(MENAFN - Gulf Times) Oil tanker owners are avoiding sending their ships to Fujairah, a Middle East refuelling hub, after a spate of attacks on vessels in the past two months ratcheted up tensions and highlighted the growing risks of operating in the region.
Strikes on tankers just outside the Gulf in mid-June were the second in a month near the Strait of Hormuz, the chokepoint through which about a third of global seaborne oil moves. Now demand for ship fuel at Fujairah, the UAE coastal shipping centre close to the Strait, has waned as some tankers stay away, traders involved in the regional market said.
'Only expect issues to get worse before they get better, said Matt Stanley, a senior broker at Star Fuels in Dubai. Fujairah is seeing 'a significant drop in demand owing to war-risk premiums that are levied by ship insurers, he said.
The root cause of the slump whether ships are avoiding the Middle East or just skipping Fujairah isn't completely clear. But since the attacks in early May, insurance costs have soared and some owners turned wary of sending their carriers to the region. One of the largest, Frontline Ltd, even temporarily paused trading from the Gulf.
Fujairah provides tankers with fuel, supplies and repairs as they ply the route from the Gulf through the Strait of Hormuz to refineries the world over.
Local officials say that there's been no slump in refuelling from facilities at the port itself, but that only captures a fraction of the trade. Carriers are also supplied at anchorage areas where four tankers were attacked in early May and it's there that brokers and traders are reporting the drop-off.
There is no public data for overall sales, but the brokers and traders say there's been drop of about 15% since the May attacks, although their estimates vary sharply. One broker said bunker demand had declined more than 30% to as little at 500,000 tonnes a month.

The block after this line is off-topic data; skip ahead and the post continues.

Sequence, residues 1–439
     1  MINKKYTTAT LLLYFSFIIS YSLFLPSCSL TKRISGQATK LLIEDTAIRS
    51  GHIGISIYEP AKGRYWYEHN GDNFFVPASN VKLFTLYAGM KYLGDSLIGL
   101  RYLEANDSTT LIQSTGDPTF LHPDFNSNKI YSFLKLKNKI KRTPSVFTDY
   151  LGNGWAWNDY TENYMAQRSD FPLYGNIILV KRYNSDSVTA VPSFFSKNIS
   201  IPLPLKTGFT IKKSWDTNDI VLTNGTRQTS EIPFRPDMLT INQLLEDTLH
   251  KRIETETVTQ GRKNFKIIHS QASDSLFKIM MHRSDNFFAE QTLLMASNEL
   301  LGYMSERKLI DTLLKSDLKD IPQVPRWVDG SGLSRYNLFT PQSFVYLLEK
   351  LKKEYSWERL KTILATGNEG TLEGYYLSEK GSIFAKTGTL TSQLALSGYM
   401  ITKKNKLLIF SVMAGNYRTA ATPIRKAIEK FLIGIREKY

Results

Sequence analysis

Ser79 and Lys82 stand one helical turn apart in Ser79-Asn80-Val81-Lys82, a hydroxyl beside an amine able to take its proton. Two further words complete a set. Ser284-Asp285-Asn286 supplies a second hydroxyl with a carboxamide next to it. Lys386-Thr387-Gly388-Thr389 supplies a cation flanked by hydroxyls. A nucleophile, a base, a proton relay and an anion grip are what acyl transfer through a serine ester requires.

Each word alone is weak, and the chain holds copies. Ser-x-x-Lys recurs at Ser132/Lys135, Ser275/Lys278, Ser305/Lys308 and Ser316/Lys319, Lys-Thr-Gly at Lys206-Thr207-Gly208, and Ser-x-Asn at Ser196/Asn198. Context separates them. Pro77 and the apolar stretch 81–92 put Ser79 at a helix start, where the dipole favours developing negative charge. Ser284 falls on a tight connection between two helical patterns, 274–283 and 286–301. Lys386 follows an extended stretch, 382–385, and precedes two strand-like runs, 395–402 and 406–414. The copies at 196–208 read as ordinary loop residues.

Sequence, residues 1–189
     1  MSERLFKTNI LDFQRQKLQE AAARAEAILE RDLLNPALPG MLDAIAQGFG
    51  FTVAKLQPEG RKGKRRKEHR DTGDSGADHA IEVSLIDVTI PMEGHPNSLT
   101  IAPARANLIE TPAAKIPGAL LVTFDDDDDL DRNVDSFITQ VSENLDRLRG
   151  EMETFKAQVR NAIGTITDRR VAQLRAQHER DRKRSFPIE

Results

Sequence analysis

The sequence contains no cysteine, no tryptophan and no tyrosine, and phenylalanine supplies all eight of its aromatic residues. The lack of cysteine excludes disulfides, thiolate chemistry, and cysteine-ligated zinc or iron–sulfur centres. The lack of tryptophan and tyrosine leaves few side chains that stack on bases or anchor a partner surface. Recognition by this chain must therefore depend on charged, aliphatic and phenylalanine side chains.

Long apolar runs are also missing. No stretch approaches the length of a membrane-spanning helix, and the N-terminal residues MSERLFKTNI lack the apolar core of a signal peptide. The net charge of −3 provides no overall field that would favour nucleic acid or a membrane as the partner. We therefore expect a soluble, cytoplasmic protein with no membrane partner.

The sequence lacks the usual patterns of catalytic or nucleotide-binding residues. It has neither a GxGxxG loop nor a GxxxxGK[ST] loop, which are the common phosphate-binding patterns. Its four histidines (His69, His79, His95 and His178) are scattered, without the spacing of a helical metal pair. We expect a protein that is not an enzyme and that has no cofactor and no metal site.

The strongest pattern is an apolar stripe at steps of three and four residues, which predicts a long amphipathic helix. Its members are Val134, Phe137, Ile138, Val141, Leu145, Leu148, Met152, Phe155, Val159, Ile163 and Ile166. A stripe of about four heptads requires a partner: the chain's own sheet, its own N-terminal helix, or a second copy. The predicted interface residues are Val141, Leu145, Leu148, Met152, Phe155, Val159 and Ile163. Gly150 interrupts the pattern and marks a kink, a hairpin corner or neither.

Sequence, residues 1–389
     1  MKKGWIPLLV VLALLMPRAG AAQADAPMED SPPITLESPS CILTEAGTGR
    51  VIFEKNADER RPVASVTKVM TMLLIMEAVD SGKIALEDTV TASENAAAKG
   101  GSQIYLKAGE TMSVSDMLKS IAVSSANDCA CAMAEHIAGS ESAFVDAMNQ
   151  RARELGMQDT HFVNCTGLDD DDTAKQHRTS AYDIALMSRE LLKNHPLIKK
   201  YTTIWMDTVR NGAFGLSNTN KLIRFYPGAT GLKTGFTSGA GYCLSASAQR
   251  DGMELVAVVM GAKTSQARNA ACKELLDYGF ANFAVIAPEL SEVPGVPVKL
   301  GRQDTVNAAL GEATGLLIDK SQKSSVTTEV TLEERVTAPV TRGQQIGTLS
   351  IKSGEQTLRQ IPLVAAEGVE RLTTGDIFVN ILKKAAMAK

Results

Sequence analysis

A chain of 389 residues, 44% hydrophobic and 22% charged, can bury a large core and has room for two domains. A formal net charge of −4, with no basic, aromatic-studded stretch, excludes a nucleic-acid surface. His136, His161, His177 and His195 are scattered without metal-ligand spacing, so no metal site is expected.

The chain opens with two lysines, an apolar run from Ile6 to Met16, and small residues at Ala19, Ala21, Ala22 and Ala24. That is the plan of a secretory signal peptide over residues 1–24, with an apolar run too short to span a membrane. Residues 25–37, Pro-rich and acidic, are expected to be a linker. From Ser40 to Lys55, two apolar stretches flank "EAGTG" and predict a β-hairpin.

Facts Global Energy estimates sales have slumped to about 650,000 tons a month, a drop of about 13% compared with the period before the incidents. Volumes reached as much as 1mn tonnes in 2016, but had been slipping since then.
Officials at the port and in the local government declined to comment on the volume of ship-fuel being traded offshore.
The attacks are just the latest challenge for Fujairah, which has developed in recent years into a trading centre for crude oil and refined products, as well as fulfilling its traditional role as a refuelling hub.
Iran, the region's main producer of the high-sulphur fuel oil that most ships use today, is under pressure from US sanctions that threaten buyers of the country's oil with financial penalties. Demand for that type of fuel is also set to plummet next year when the United Nations' International Maritime Organization will require ships either to burn cleaner fuel or scrub their emissions.
Ships won't shun Fujairah entirely because there are few alternatives close by with the same range of services, the traders said. One possibility, though, is to go to Singapore for carriers that are making return trips from Asia. That can be advantageous for tanker owners anyway if they are considering sailing to West Africa to seek their next cargoes.
Vessels that go to Fujairah solely for fuel and servicing would be more likely go elsewhere, the traders said. However, a large proportion of tankers sailing through Hormuz to load crude or fuel in the Gulf will probably keep visiting the port as those ships will have paid higher insurance premiums already, they said.